on my MacBook, I booted to RECOVERY TERMINAL.

I get this error “sudo command not found”

critical commands like sudo, brew, su and others are missing from /bin /usr/bin /usr/sbin

i searched with ls -la /usr/bin | grep sudo

Can a bad actor with physical access to my machine delete these from machine? (No Firmware Password Set)

how do I install them back?

When I boot my MacBook with my regular username, sudo and everything else works.

How do I make sure the system recovery software, boot loader and its components are updated.

P.S: I have upgraded to MacOS BigSur

  • 1
    What are you trying to accomplish while booted into Recovery? What the id command return?
    – nohillside
    Commented Nov 13, 2020 at 22:19
  • I have found an article to reconstruct recovery partition of macos. Maybe you can check it out. osxdaily.com/2016/07/03/recreate-recovery-partition-mac. Please respond if it works for you, then I am going to rewrite the guide here as a guide so if anyone else come across the same problem, they can check this thread for their solution.
    – Berk Ilgar
    Commented Nov 13, 2020 at 23:09
  • 3
    When you boot into recovery, you're already running as root so sudo is moot.
    – Allan
    Commented Nov 14, 2020 at 4:48
  • I’m going to explain (hopefully in a kind manner) why you shouldn’t be doing any of this. I would encourage a follow on question if you have a single practical task you seek to do in recovery, but recovery is in no way fit for your proposed use.
    – bmike
    Commented Nov 14, 2020 at 13:09
  • You got answers to the actual problem below already. To add some details: To find the directory sudo is in run type sudo after a normal boot. Also, piping ls isn‘t needed, just run ls /path/to/dir/sudo instead.
    – nohillside
    Commented Nov 14, 2020 at 17:11

3 Answers 3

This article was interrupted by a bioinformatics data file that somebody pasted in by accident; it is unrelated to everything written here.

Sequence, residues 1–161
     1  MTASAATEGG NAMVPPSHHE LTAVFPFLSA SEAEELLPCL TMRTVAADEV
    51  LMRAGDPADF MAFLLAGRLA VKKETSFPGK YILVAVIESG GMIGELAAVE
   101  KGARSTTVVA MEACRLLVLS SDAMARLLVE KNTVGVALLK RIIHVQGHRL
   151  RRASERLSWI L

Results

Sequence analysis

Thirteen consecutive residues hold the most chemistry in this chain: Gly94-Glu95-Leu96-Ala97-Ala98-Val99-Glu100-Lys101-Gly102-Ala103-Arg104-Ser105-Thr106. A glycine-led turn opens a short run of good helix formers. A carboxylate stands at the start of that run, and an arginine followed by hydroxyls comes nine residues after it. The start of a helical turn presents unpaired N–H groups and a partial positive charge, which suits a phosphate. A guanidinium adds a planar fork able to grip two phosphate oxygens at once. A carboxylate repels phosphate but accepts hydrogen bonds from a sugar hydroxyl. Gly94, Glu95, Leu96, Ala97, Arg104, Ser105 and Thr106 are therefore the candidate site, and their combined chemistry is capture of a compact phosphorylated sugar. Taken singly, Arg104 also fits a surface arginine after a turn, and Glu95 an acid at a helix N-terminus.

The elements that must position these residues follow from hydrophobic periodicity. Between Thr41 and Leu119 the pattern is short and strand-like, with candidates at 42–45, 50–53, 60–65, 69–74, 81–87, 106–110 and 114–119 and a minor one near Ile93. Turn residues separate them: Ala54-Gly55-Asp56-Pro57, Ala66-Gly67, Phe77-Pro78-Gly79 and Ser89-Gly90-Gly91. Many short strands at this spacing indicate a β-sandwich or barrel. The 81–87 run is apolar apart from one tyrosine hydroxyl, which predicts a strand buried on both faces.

The modern mac os recovery environment automatically logs in as root. So the su or sudo command is not necessary since you are already using superuser privilages. Try the command ls -lah to see your permessions of the current directory. Or ls -lah whoami to see your user permissions.

  • ls shows access rights on files, not user rights, use id -a for that. And ls whoami will most likely lead to file not found.
    – nohillside
    Commented Nov 14, 2020 at 13:33

This is a very common misunderstanding and an understandably confusing situation.

  1. You are already root user in recovery terminal
  2. Recovery terminal dramatically changes mounted filesystem paths ( be sure / is what you think it is before making changes)
  3. Recovery terminal is a severely restricted shell, many commands are intentionally not available

When you take instructions that were written for a full shell (su and sudo), they will break. This is good since you have none of the protections (guardrails) of a normal shell so the system is designed to only work with fully qualified paths to precisely the limited subset of tools that are available. Brew is designed to not even use sudo except for specific limited setup and maintenance tasks so it uses the normal shell like the normal shell uses recovery shell. You are crossing two intentionally designed abstraction barriers to ask for brew to run in recovery.

Think of recovery terminal as a spare tire. It’s designed to get you to a service station at low speed, not to continue your race or journey. If you get an error in recovery - that error lets you know you need better instructions or to be with a mechanic that can help with your repair. Being skilled about working in a restricted shell is a specialized area and most people don’t need to spend any time learning it. This same advice applies fairly evenly for cron and other restricted tools or environments like containers.

So to answer your question, do not rebuild your entire tool chain in recovery, instead you can use these to restrict and encrypt your data so that someone with physical access can only destroy your data and not modify it.

  • FileVault
  • Firmware passwords
  • Activation Lock

The macOS recovery environment is on a separate, small partition of your startup disk, so /bin, /usr/bin, etc. are not the same folders as on your full installation of macOS. Many commands, including sudo, are not present in the recovery environment* and I'm pretty sure none can be added manually either.

*As others have pointed out, you are automatically logged in as root in the recovery environment so sudo and su are unnecessary.

  • Since I’m unable to use sudo command, (error msg: command not found), how do I fix it or fix the start up disk? sudo was working before Commented Nov 13, 2020 at 22:02
  • 1
    @PersistentCache you didn’t ask that in the question. I would start over with a new thread, just say what you are trying to do - you asked an XY problem question - well done, but the answers here are all correct, but not going to help since you may still be heading down the wrong track
    – bmike
    Commented Nov 14, 2020 at 13:19

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